WORST: Slenderman The Demented Demon

The result of a tri-yearly game jam called Ludum Dare, in which developers put together a full game over a weekend with the help of their wit, tyranny of will, and dirt-low standards, Slenderman The Demented Demon is basic beyond belief. We'll say this, though: unlike the other Slender Man games that all more or less follow the same template, Slenderman The Demented Demon is a radically unique and different experience. But good lord, at what cost?

The arcade-style gameplay of The Demented Demon is as intuitive as can be, following you in the role of Slender Man as you stalk the woods like Jason Voorhees, slaying as many multi-colored variations of a single brown-haired victim as you can over the course of about 75 seconds. Moving about the woods in your suit and tie, you collide with as many fleeing victims as possible, instantaneously reducing them to a bright blood spot, no further input required. The best, and maybe only good thing you can say about the game is probably that its controls are pretty responsive — and that it's also just kind of funny to look at.

Made by a developer named Divitos, Slenderman The Demented Demon has no illusions about its quality, with the dev notes calling it "a living fossil." In the words of the developer, "It's probably best if you don't play it."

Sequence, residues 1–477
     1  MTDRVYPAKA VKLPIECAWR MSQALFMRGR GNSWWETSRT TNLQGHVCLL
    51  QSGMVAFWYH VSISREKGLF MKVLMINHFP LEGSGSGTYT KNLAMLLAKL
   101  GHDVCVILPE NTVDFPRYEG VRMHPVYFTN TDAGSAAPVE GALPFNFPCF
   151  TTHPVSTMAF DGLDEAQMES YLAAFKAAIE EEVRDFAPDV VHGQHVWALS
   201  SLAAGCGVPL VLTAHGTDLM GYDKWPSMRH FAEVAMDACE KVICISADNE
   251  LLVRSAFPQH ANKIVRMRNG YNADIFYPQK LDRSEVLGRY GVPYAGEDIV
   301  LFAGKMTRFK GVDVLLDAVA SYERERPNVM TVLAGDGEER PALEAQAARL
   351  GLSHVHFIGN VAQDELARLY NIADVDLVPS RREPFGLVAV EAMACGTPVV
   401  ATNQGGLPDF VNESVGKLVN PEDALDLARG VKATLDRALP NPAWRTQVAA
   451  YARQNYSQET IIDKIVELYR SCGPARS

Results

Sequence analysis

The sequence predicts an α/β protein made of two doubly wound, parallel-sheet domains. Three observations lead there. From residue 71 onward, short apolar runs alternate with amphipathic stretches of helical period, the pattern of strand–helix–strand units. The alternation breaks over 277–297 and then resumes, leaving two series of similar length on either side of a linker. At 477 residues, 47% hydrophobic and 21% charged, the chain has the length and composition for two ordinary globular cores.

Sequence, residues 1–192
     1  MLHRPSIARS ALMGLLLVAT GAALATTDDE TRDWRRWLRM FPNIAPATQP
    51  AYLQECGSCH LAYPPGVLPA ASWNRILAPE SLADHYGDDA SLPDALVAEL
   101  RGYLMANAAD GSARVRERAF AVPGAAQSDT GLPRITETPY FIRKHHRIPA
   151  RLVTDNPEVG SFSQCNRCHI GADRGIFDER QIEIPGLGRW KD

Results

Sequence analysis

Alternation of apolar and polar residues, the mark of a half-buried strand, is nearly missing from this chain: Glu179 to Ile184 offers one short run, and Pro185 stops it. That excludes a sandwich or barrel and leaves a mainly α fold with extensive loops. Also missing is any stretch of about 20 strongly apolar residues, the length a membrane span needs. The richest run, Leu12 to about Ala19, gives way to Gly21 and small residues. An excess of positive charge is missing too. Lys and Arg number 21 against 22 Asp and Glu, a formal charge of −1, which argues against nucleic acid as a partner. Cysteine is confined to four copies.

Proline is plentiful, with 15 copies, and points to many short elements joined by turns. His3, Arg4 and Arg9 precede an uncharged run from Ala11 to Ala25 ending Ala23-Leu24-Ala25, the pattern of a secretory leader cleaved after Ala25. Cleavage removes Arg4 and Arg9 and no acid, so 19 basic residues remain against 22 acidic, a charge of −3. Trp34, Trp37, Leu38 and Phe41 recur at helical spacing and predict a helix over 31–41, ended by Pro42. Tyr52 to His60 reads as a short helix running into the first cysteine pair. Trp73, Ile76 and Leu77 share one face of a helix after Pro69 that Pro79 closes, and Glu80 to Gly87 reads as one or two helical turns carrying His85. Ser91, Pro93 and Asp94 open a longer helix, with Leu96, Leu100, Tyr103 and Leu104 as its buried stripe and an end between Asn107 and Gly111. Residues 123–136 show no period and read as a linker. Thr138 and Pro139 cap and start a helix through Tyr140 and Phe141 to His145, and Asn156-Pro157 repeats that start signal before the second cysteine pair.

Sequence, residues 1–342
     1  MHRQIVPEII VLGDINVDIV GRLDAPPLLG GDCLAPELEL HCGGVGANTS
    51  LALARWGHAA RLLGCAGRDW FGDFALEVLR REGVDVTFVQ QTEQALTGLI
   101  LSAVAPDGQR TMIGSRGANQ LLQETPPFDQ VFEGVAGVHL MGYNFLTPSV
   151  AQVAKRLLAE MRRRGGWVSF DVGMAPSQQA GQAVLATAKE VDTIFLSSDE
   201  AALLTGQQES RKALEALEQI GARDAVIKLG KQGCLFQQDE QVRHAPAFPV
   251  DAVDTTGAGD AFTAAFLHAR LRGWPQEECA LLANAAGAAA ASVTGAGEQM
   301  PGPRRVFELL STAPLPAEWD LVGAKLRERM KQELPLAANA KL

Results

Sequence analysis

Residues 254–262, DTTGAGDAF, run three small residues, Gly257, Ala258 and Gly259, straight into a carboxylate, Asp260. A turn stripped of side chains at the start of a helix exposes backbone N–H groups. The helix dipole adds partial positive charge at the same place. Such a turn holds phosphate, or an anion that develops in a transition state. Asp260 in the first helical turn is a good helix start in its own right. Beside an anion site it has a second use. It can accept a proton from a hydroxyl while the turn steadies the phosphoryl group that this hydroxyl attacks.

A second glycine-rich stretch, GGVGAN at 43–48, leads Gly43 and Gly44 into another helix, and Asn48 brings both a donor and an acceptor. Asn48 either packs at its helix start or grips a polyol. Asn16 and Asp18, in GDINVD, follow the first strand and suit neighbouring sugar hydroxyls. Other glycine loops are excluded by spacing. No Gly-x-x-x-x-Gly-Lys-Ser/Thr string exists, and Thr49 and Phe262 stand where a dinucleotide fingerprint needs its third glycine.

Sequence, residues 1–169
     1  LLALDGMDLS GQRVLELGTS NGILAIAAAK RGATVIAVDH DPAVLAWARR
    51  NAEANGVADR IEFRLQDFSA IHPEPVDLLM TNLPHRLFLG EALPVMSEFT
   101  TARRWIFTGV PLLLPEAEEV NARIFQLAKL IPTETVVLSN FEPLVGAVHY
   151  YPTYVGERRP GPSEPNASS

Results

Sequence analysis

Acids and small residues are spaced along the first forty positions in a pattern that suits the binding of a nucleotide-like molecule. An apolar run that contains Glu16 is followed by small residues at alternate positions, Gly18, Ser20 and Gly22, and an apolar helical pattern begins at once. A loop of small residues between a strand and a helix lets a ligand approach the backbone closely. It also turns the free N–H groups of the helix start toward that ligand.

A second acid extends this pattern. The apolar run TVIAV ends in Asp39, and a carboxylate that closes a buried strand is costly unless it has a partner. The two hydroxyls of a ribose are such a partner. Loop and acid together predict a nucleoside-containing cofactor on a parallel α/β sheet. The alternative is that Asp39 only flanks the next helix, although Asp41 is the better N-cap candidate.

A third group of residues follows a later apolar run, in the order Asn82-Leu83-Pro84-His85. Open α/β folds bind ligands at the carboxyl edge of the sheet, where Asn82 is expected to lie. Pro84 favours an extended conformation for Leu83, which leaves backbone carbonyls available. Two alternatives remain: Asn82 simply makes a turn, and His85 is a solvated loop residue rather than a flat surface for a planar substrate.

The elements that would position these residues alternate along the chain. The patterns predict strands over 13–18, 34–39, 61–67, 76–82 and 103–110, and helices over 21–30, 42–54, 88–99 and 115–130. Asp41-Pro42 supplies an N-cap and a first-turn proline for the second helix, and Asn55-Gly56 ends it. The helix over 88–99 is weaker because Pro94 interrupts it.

BEST: Slender: The Arrival

Finally, the fully-realized version of the game that started it all. A follow-up to and pseudo-remake of the influential Slender, this full-fledged commercial horror game from Blue Isle Studios is the biggest production that the Slendy character has been involved with this side of the Sony Pictures movie

As might be expected, Slender: The Arrival is just about the most polished game in the entire digital Slender Man oeuvre, sporting a lot more gameplay variety than its fan-made freeware contemporaries. While the atmosphere and vibe remains the same — you're all alone with a flashlight, and boy are you in trouble if the Slender Man catches you — the player's goals and the enemy's behavior are frequently changing depending on what level of the game you're on, keeping things tense throughout the playthrough.

While many of the other Slender Man games essentially amount to one-note, adrenaline-spiking experiences best played with a roomful of friends passing the controller around, Slender: The Arrival actually tries to draw you in to an affecting story, adding personal stakes and specificity to what can often feel like a boilerplate experience. While it's far from the best general horror game ever made, it's a must-play for fans of the Slender Man subgenre, and the most ambitious take on the new urban legend that we've seen in gaming yet.